VI        Funding and Results

 

There is an old saying that beggars can’t be choosers. Africa has forced to accept programs that did not meet their needs because if they knew if they refused they would receive nothing. If all they could get was condoms, they accepted them, but many African leaders have been angered by the refusal of funding organizations to allow Africans to define their own needs and to choose strategies which respected their values and culture.

African leaders were particularly frustrated by the fact that during the 1990s all the funding was going to HIV/AIDS, while diseases, which could be successfully treated with a fraction of the funding were ignored. People who could be saved were dying. The Global Fund for AIDS, Malaria and Tuberculosis set up to respond to this concern. By lumping, these three killer diseases together, the hope was at least some money would be directed to projects that would actually save lives.

As the Bush administration became aware of the success of ABC in Uganda and other research on successful abstinence programs, it began to direct its funding away from failed condom programs, groups that promoted abortion, and groups that favor legalized prostitution and toward faith-based organizations, to programs that stressed positive behavior change, and to uncontroversial areas such as treatment.

The AIDS Establishment let out a collective howl. Bush was linked with the Vatican as a killer of Africans. The mainstream media repeated the charges. An article in The Guardian  Stephen Lewis the UN secretary general’s special envoy for HIV/AIDS in Africa accused President Bush of “doing damage to Africa by cutting funding for condoms.”

It would seem obvious that prevention strategies which have a proven record of success should be funded and those that have failed should be defunded. The argument that programs have failed because they did not receive enough money and the answer to failure is more money, may be a typical governmental reaction to failure, but given the limited resources, the immense need, and the existence of proven prevention strategies, the money should go to proven programs not failed ones.

International funding should be directed to interventions which are acceptable to the local population. Success should not be gauge by the number of condoms distributed or used, but by a significantly lower infection rate.

 

The Philippines A success story no one wants to talk about.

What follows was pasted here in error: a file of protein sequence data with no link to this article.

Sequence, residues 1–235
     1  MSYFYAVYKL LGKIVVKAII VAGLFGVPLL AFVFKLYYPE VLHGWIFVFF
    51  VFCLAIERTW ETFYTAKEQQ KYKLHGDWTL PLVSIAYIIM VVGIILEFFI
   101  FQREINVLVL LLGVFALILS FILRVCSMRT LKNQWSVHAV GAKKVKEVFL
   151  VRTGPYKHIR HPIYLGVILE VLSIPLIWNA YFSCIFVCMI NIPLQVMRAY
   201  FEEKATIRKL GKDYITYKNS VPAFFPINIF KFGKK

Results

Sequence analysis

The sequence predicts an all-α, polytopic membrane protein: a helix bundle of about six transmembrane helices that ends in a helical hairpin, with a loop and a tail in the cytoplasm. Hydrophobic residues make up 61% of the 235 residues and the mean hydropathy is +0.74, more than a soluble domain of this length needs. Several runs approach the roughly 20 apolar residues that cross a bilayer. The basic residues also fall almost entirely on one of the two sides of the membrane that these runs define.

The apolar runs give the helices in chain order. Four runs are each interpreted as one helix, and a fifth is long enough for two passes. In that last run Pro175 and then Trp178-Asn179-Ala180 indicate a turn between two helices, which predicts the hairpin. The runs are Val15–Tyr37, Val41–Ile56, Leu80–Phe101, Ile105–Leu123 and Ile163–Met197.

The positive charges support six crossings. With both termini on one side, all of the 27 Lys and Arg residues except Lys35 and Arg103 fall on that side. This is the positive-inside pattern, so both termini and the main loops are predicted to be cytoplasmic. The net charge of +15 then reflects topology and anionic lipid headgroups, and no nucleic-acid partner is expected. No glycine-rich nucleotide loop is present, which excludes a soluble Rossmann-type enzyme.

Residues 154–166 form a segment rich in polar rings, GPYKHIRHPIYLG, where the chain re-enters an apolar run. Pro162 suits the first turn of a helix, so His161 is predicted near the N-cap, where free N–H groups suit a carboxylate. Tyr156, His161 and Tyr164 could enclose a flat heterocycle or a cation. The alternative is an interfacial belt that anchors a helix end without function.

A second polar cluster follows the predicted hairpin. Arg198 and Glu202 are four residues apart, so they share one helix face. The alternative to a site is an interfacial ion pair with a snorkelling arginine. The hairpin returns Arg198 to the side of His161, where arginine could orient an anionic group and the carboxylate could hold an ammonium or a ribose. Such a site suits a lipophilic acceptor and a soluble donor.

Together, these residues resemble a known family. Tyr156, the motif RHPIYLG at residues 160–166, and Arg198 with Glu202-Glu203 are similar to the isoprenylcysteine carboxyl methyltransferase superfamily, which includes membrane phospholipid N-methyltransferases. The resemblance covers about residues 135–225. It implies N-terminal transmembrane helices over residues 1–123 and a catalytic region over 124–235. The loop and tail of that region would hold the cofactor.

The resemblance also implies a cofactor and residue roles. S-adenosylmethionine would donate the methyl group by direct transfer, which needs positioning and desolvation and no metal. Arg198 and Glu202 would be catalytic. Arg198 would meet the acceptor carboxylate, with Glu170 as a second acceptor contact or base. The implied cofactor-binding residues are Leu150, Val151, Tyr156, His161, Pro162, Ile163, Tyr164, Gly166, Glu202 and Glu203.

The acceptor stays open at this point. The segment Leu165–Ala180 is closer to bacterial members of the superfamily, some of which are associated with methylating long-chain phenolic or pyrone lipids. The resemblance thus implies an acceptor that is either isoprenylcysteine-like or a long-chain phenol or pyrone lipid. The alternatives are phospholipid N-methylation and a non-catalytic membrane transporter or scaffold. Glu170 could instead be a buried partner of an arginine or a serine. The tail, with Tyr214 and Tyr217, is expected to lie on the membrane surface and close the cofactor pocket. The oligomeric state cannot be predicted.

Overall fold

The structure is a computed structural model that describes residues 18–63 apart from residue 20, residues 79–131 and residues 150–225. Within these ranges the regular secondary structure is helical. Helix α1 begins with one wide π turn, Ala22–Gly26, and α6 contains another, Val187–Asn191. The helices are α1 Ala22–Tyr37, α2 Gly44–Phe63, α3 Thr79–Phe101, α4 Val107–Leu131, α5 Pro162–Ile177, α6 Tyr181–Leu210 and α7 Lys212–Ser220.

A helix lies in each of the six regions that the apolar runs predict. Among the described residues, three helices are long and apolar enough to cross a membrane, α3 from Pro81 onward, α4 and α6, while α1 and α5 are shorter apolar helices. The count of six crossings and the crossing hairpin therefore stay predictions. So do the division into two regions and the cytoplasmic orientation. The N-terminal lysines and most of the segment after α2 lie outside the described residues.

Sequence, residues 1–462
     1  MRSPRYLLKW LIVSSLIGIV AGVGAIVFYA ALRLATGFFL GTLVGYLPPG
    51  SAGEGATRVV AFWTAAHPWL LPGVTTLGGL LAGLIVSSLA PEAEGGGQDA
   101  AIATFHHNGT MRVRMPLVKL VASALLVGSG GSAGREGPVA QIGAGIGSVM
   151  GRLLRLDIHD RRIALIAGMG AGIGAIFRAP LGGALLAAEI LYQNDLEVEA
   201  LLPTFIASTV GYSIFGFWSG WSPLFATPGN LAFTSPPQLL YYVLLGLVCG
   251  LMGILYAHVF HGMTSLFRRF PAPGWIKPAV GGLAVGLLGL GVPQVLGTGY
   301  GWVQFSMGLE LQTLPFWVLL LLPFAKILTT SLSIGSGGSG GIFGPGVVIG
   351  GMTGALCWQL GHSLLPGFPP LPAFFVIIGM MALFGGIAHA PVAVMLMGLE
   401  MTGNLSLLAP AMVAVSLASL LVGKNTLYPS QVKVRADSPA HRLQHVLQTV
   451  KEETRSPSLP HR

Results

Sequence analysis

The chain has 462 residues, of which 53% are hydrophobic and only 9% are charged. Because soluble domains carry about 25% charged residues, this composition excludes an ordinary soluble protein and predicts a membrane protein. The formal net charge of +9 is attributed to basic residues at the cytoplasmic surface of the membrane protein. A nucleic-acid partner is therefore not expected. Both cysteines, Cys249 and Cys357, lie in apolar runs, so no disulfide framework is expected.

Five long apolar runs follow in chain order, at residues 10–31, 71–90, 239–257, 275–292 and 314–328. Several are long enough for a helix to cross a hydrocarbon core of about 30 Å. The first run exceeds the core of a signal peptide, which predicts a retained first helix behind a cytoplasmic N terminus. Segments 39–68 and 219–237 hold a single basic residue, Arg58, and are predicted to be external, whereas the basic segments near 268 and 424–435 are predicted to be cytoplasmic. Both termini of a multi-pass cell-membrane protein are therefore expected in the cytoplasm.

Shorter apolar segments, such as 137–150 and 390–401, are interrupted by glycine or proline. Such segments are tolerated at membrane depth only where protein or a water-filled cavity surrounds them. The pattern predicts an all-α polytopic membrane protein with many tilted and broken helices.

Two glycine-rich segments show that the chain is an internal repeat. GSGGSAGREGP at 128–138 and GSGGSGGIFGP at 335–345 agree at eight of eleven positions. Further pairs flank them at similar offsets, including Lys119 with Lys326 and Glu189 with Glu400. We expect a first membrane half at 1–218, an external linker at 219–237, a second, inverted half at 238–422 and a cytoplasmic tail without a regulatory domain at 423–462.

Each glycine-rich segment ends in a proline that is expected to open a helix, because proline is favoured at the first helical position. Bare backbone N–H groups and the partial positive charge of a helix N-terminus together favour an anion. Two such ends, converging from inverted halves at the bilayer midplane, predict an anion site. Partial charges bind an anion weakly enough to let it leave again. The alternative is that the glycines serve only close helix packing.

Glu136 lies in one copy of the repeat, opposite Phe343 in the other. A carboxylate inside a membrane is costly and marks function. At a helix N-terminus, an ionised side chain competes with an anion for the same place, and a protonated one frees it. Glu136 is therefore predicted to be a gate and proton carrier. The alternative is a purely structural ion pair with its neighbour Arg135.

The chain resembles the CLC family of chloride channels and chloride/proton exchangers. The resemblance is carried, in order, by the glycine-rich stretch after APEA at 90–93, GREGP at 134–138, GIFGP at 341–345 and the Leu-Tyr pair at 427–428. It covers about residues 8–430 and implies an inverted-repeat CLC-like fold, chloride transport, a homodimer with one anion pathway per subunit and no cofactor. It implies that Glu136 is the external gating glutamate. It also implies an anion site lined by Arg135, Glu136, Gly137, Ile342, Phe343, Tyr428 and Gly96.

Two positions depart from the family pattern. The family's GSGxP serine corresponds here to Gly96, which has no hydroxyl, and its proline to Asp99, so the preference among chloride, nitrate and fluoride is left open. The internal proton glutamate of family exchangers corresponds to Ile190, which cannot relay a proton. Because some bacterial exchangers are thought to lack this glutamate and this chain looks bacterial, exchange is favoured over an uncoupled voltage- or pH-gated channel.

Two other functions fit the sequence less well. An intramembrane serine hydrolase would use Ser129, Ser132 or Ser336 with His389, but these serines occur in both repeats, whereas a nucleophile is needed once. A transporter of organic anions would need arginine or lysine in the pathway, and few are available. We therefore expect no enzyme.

Given the nation’s poverty and other problems, the AIDS establishment has year after year predicted a massive wave of infections in the Philippines unless the nation adopts aggressive condom promotion. However, twenty-five years into the epidemic only 0.09% of the population is living with AIDS. Health care, a left over from the period of American control, employs high standards of sterilization. The influence of the Catholic Church is strong. Instead of seeing the Philippines as example of how to prevent an epidemic, the AIDS establish continues to push condoms.

 

VII      The Cultural Impact

 

It is clear that the debate over prevention strategies in Africa is not just about what will work. It is also about how implementing the various strategies will affect the culture. Some strategies, such as providing absolutely sterile conditions and HIV free blood, are culturally neutral. Other strategies require that substantial portion of the population change not only their behavior, but also their beliefs about right and wrong.

The AIDS Establishment supports prevention strategies that coincide with their beliefs about right and wrong. They believe that sexual pleasure is human right, which prevention strategies should promote.

The members of the AIDS Establishment, with few exceptions believe that AIDS prevention strategies must in no way inhibit sexual practices. The AIDS Establishment accepts multi-partnering (promiscuity), commercial sex work (prostitution), and the right to privacy (the right not to be tested and not inform sexual partners about HIV status) as fundamental to personal liberty. They not only want people to be free to engage in sexual activity, but to be able to do so without shame, discrimination, or embarrassment. Risks should be reduced as far as possible, but if it is a choice between avoiding risk and restricting sexual pleasure, the AIDS Establishment is willing to tolerate a certain amount of risk – meaning infections and deaths – is acceptable.